Representing Real People: Working With Sensitivity Readers


In an era when authors strive to be inclusive, there has been a surge in workshops and seminars on sensitivity readers at national and local conferences. The list of reasons why sensitivity readers are needed for works of fiction can include: accurate representation, cultural appropriateness, use of correct language, avoidance of bias, unintentional stereotypes, or racism.
To be effective, an author must write characters with whom her readers can identify. If the representation of a character is off-key, it takes the reader out of the story, sometimes concurrently annoying or offending. Here’s a simple example: I’m a registered nurse. I once read a novel where the main character had a concussion and the emergency room doctor prescribed pain medication. I was done.

Head injuries are never given sedation. If the patient becomes confused or disoriented and cannot be aroused, you don’t know if it is due to the knock on the head or the pain medications. Not only did this faux pas take me out of the story, I never went back to that author. I felt she failed to do her research and had misrepresented my world.
Now imagine you are person with a disability, reading a book about someone who shares the same disability. How would you feel if the character was made to appear less than? Less than the other characters, less than how you feel as a person, and worse yet, someone to be pitied. Unfortunately, there are books that have done this—to the dismay and disappointment of the disabled community and their allies. Not only is this insensitive, it’s self-sabotaging because the author has alienated entire groups of potential readers.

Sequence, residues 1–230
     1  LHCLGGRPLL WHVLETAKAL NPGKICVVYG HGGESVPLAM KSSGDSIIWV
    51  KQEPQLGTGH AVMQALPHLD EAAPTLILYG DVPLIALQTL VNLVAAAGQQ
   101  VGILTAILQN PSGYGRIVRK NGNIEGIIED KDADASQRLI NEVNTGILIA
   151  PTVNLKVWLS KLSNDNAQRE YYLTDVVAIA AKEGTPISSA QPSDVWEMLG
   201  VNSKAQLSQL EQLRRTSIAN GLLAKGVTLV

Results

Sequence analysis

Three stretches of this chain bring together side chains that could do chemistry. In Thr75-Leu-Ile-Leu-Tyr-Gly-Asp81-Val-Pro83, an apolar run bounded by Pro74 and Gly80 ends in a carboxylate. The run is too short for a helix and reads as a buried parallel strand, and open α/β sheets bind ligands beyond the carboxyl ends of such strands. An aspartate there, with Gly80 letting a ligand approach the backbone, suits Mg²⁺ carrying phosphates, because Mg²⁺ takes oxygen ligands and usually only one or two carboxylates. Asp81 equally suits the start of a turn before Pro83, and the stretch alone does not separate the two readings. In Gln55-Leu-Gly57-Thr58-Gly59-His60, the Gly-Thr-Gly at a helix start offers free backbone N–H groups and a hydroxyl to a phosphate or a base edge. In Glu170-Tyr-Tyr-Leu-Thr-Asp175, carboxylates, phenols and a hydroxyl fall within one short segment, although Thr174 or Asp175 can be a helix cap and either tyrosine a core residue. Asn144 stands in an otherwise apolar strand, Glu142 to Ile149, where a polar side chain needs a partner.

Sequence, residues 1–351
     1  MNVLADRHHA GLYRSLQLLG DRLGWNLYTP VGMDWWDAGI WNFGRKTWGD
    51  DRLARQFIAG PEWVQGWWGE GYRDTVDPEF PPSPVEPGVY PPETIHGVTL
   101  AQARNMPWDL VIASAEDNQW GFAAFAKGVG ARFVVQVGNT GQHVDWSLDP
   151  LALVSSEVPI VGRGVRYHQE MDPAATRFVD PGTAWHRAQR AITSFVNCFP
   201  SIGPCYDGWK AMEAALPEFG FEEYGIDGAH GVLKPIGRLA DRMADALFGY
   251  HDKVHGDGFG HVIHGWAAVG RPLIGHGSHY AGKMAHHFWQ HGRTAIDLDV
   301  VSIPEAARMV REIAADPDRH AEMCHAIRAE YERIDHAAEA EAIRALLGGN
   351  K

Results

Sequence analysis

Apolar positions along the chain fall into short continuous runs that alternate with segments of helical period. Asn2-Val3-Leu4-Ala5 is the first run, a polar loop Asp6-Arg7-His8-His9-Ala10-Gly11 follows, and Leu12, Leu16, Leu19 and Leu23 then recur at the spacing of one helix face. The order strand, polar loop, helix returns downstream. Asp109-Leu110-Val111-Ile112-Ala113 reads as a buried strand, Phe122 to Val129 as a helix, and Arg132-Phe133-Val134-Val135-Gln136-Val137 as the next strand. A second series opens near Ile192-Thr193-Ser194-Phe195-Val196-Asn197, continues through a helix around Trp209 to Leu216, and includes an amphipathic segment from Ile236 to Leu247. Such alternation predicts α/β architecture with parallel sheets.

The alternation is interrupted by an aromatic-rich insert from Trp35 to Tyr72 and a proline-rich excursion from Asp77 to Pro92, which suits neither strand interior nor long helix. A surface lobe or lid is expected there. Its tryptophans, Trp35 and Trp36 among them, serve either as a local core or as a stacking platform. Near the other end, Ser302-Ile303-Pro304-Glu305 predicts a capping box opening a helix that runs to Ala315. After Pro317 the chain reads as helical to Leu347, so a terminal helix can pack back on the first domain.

How can an author avoid this? Unless the author has the disability she wishes to portray in the story, the author must recognize the fact that she has not had the lived experience. Just as a non-medical author would need to research how to treat head injuries (not with sedatives!), the author who wishes to include characters with disabilities in her book needs to call in a subject matter expert. As uncomfortable as it may be, she must find and reach out to someone who shares the disability she wishes to portray. The expert, AKA sensitivity reader, must be willing to work with her on this character and the interactions in the world she is creating.

Read the entire article in the November 2018 issue of InD'Tale magazine.

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